Most of our experimentation (to date) has been done with our Strawberry Cream Aquafaba Vegan Cake recipe with garbanzo bean (chickpea) aquafaba as an egg white replacer. Most bakers have generally found that using the juice from white beans (chickpeas or garbanzo beans, soy, and great northern) imparts no beany taste and work the best so far. 

More about aquafaba:
It has been discovered recently that aquafaba has some of the properties of egg yolks and some of the properties of egg whites, but not all of both. Aquafaba is Latin-ish coined by vegan baker Goose Wohlt, In 2014, French tenor singer Joël Roessel was experimenting with “vegetal foam”, or the brine normally discarded from canned vegetables like chickpeas, for an egg white replacer. Roessel tested stabilizers such as guar gum and lemon juice to manipulate the brine into a fluffy consistency, which helped create an incredible egg replacer. Inspired by Roessel’s discovery, American software engineer Goose Wohlt turned vegetal foam into meringue by adding sugar and then baking it. Wohlt coined the term “aquafaba” to describe “water from beans.”

Beans (and peas) are members of the legume family. Legumes are high in starch (carbohydrates) and protein, as well as nutrients and contain some oil (chickpeas are notable in that they have 5% oil by weight; most others have 1 - 2%). Starch is a polymer of glucose (dextrose) and is found only in the vegetable kingdom. It is produced by all green plants and is stored in varying proportions, as microscopic grains throughout the plant structure. 

When dried beans are cooked, color, flavor, and nutrients are leached out of the beans into the liquid, as well as starches and protein - this is called Aquafaba. The starches that burst from cooking and saturate the liquid contain compounds that have water-soluble and fat-soluble capabilities, so they can act as emulsifiers and and foam stabilizers. Starches also have water binding capabilities and provide for texture and mouthfeel. You can observe the presence of starch by the thickening of the liquid as it cooks, especially as it cools. Starches, along with gums and other carbohydrate ingredients provide some of the functions of fat in foods by binding water and providing texture and mouthfeel.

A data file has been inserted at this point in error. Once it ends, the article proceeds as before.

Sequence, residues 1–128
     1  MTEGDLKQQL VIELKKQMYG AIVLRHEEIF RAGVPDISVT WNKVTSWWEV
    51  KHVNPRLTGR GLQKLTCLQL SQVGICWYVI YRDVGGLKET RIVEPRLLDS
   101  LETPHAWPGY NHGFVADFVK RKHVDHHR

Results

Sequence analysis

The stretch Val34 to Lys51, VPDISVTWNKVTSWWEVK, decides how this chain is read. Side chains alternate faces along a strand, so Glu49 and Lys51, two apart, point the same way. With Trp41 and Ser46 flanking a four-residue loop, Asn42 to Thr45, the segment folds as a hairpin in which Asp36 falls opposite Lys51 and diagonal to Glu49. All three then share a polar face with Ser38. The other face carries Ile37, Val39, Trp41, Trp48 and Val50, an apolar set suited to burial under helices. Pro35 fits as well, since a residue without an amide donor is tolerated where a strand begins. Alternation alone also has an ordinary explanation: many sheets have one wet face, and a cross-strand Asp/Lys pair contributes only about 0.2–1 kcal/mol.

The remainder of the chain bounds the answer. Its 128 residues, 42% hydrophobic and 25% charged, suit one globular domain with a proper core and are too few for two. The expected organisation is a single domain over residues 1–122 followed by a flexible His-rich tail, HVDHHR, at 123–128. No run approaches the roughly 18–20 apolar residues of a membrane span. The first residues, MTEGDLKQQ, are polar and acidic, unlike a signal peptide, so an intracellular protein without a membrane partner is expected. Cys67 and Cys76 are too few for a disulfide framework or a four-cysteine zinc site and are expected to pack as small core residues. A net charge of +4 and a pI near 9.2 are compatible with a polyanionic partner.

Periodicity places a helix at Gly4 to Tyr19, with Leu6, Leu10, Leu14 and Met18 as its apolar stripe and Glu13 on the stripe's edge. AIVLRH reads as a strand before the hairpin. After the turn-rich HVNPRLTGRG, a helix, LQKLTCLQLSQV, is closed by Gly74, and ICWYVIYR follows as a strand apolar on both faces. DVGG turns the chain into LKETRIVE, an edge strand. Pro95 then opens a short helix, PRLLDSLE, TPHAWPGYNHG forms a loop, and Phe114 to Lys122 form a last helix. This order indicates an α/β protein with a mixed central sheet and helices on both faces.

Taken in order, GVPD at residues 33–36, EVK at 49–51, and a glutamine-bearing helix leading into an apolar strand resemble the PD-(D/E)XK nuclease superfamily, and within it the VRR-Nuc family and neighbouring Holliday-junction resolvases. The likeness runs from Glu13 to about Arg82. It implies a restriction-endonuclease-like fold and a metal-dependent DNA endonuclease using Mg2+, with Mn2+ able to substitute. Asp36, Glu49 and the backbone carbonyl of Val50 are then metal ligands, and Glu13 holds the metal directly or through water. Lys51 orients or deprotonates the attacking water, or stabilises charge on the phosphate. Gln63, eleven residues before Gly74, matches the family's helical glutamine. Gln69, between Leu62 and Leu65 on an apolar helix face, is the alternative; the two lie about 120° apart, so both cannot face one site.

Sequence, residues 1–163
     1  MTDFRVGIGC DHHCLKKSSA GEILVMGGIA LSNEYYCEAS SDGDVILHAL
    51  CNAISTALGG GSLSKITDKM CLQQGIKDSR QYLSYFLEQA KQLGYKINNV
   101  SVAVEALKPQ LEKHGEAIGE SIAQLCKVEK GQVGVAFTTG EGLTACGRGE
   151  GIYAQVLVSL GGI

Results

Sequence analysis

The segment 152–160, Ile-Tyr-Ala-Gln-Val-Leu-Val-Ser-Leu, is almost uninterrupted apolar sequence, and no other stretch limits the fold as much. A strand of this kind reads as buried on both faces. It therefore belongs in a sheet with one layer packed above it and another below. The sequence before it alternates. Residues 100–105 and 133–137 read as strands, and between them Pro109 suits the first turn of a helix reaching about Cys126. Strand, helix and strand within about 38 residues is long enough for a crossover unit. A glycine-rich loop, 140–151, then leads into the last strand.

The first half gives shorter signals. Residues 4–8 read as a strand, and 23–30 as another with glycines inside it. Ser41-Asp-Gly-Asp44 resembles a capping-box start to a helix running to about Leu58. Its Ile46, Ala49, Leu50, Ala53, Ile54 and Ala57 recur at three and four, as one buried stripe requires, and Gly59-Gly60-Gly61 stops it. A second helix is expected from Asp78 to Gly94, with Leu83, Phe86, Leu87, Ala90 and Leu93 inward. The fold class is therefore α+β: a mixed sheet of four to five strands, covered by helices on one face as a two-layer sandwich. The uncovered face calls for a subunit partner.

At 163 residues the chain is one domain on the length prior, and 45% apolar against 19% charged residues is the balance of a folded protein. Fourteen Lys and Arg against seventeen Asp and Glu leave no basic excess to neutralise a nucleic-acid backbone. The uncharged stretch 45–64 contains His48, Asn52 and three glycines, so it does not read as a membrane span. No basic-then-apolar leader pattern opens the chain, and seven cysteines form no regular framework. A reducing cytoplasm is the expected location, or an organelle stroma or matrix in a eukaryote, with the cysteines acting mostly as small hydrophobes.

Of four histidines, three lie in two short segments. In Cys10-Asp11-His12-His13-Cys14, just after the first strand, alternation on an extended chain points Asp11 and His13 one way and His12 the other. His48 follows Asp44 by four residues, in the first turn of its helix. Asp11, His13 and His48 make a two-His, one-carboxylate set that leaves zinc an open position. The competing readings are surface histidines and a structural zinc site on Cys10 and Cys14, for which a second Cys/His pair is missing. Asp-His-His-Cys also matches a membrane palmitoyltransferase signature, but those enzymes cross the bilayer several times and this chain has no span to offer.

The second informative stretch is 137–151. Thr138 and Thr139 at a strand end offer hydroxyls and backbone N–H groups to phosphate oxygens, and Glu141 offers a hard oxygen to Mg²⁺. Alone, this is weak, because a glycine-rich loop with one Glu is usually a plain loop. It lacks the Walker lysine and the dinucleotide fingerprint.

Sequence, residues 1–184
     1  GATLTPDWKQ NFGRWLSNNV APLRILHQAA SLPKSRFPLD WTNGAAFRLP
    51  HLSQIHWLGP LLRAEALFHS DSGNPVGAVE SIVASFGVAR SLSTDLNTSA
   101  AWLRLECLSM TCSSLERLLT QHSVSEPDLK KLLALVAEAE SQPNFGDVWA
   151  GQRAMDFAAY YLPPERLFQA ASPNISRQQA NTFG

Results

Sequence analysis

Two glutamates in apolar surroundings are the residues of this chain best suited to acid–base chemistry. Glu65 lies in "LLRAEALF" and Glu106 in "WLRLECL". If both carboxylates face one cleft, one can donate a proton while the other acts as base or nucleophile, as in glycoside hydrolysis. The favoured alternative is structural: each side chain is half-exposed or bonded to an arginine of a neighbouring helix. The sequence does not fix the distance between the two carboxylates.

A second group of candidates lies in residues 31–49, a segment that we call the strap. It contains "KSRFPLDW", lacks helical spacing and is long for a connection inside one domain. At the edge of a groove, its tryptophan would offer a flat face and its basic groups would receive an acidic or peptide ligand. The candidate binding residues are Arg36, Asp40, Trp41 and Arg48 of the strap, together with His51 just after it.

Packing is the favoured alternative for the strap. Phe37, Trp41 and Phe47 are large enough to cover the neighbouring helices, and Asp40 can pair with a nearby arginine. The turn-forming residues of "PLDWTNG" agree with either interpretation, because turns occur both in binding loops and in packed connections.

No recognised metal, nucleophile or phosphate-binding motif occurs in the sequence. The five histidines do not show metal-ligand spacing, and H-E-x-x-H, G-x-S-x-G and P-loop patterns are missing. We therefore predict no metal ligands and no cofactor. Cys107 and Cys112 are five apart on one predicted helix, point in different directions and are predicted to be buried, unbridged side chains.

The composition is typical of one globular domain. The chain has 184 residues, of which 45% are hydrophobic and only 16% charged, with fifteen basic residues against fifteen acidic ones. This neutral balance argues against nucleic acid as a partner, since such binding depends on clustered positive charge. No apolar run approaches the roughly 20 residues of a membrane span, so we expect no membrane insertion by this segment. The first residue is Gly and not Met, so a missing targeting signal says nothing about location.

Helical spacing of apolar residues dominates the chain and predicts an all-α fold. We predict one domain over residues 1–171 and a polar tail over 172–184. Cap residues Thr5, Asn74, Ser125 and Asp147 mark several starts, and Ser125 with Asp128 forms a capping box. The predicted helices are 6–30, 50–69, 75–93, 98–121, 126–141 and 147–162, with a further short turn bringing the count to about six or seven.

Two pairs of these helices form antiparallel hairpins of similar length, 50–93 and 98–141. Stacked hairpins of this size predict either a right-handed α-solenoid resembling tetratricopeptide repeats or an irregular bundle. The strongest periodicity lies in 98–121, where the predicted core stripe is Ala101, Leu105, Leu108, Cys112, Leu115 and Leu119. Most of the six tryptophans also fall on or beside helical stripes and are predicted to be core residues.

Not all beans work well as Aquafaba in baking recipes - some report that white beans - great northern, chickpeas (garbanzo beans) and soy beans work the best. Cold aquafaba is optimal to use as a whipped egg replacer; as the liquids cools, it thickens from the starches coagulating and provides for a more viscous liquid to beat. However testing on aquafaba is still being done.

Baking Powder

Baking Soda

Brewers' Yeast*: A yeast product which is rich in vitamins, especially B vitamins. 

Butter: Vegan butter, such as Earth Balance Buttery Sticks, can used for the creaming mixing method; make sure it is very cold when using.

Chocolate: Some ingredients in chocolate are vegan and some are not; make sure you read the labels carefully. Cocoa butter is vegan, but lecithin, an emulsifier often added to chocolate is not, unless soy lecithin is used.

Cocoa Butter

Coconut milk, Full fat - can be used to make vegan ice cream, as well as vegan whipped cream (when refrigerated overnight)

Coconut Butter - cannot be used for the creaming mixing method in recipe as it is not effective in holding air.

Coconut Oil - is considered to be a liquid fat in recipes.

Coconut Yogurt - made from coconut milk.

Corn Syrup

Cream of Tartar

See butter, eggs, milk

Eggs: Eggs are one of the backbones of baking. You can substitute them with vegan options, such as flaxseeds, fruit or vegetable purees, starches and tofu, for example. An egg white replacer is Aquafaba. (see above)

Fats: See butter, oils

Guar Gumvegetable gum used to thicken